Impact of familiarity with the format of the exam on performance in the OSCE of undergraduate medical students - an interventional study

BMC Med Educ. 2024 Feb 23;24(1):179. doi: 10.1186/s12909-024-05091-0.


Background: Assessments, such as summative structured examinations, aim to verify whether students have acquired the necessary competencies. It is important to familiarize students with the examination format prior to the assessment to ensure that true competency is measured. However, it is unclear whether students can demonstrate their true potential or possibly perform less effectively due to the unfamiliar examination format. Hence, we questioned whether a 10-min active familiarization in the form of simulation improved medical students´ OSCE performance. Next, we wanted to elucidate whether the effect depends on whether the familiarization procedure is active or passive.

Methods: We implemented an intervention consisting of a 10-min active simulation to prepare the students for the OSCE setting. We compared the impact of this intervention on performance to no intervention in 5th-year medical students (n = 1284) from 2018 until 2022. Recently, a passive lecture, in which the OSCE setting is explained without active participation of the students, was introduced as a comparator group. Students who participated in neither the intervention nor the passive lecture group formed the control group. The OSCE performance between the groups and the impact of gender was assessed using X2, nonparametric tests and regression analysis (total n = 362).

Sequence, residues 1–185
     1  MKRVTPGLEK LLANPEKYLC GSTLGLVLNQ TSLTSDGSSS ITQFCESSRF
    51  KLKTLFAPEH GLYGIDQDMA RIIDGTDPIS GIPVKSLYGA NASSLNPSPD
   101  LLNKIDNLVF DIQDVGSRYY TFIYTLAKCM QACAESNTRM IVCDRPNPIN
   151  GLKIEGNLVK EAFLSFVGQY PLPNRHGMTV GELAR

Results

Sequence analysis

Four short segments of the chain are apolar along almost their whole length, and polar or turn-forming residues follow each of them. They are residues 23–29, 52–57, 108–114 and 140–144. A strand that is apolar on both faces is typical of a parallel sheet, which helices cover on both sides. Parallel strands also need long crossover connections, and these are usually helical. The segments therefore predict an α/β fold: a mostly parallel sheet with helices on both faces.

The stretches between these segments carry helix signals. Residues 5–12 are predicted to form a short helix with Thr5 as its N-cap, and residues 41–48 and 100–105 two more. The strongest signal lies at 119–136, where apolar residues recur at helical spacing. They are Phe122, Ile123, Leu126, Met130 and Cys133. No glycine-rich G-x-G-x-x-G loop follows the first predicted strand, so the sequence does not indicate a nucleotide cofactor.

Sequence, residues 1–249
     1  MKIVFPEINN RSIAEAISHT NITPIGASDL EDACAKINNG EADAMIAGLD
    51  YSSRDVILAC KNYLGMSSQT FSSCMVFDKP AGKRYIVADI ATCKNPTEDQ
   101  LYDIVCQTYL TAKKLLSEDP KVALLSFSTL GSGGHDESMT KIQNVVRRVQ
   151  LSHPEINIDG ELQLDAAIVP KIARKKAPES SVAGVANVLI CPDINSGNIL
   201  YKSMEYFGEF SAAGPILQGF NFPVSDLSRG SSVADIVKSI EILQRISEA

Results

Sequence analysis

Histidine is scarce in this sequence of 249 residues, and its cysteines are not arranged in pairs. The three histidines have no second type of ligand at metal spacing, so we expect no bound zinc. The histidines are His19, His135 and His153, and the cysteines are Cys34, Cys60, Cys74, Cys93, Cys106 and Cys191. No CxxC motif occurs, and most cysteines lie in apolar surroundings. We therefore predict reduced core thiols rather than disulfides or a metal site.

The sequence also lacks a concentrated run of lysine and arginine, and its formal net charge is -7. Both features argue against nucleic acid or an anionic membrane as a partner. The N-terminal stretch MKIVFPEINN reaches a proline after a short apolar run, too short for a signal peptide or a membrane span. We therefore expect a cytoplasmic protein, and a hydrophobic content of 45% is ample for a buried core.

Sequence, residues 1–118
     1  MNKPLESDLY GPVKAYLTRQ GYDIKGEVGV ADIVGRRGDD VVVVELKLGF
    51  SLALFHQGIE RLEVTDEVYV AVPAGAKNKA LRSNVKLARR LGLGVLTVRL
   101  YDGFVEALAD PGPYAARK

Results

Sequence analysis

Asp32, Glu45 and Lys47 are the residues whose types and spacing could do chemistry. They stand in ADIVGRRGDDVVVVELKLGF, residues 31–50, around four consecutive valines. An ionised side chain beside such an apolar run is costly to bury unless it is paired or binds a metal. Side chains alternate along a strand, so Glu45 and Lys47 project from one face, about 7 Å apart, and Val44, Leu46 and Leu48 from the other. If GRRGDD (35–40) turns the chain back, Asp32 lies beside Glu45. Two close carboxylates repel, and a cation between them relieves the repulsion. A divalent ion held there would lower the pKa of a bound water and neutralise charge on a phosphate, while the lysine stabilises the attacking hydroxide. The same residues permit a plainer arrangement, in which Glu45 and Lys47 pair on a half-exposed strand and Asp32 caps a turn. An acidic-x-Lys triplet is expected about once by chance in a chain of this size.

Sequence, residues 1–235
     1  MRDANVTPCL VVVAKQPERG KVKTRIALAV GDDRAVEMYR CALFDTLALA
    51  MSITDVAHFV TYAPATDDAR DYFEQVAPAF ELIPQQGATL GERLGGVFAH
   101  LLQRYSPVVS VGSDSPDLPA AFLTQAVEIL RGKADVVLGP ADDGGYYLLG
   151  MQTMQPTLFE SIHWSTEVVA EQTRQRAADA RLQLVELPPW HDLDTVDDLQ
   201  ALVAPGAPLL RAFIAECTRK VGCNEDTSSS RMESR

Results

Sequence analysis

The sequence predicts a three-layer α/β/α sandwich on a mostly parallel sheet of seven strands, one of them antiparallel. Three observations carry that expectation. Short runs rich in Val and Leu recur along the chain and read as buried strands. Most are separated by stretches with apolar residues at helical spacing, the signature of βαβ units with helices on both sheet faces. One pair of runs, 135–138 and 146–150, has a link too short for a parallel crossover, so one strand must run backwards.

Results: We found that active familiarization of students (n = 188) yields significantly better performance compared to the passive comparator (Cohen´s d = 0.857, p < 0.001, n = 52) and control group (Cohen´s d = 0.473, p < 0.001, n = 122). In multivariate regression analysis, active intervention remained the only significant variable with a 2.945-fold increase in the probability of passing the exam (p = 0.018).

Conclusions: A short 10-min active intervention to familiarize students with the OSCE setting significantly improved student performance. We suggest that curricula should include simulations on the exam setting in addition to courses that increase knowledge or skills to mitigate the negative effect of nonfamiliarity with the OSCE exam setting on the students.

Keywords: Active participation; Elective course; Familiarization; Medical students; OSCE; Passive lecture; Performance.

MeSH terms

  • Clinical Competence
  • Education, Medical, Undergraduate* / methods
  • Educational Measurement / methods
  • Humans
  • Physical Examination
  • Students, Medical*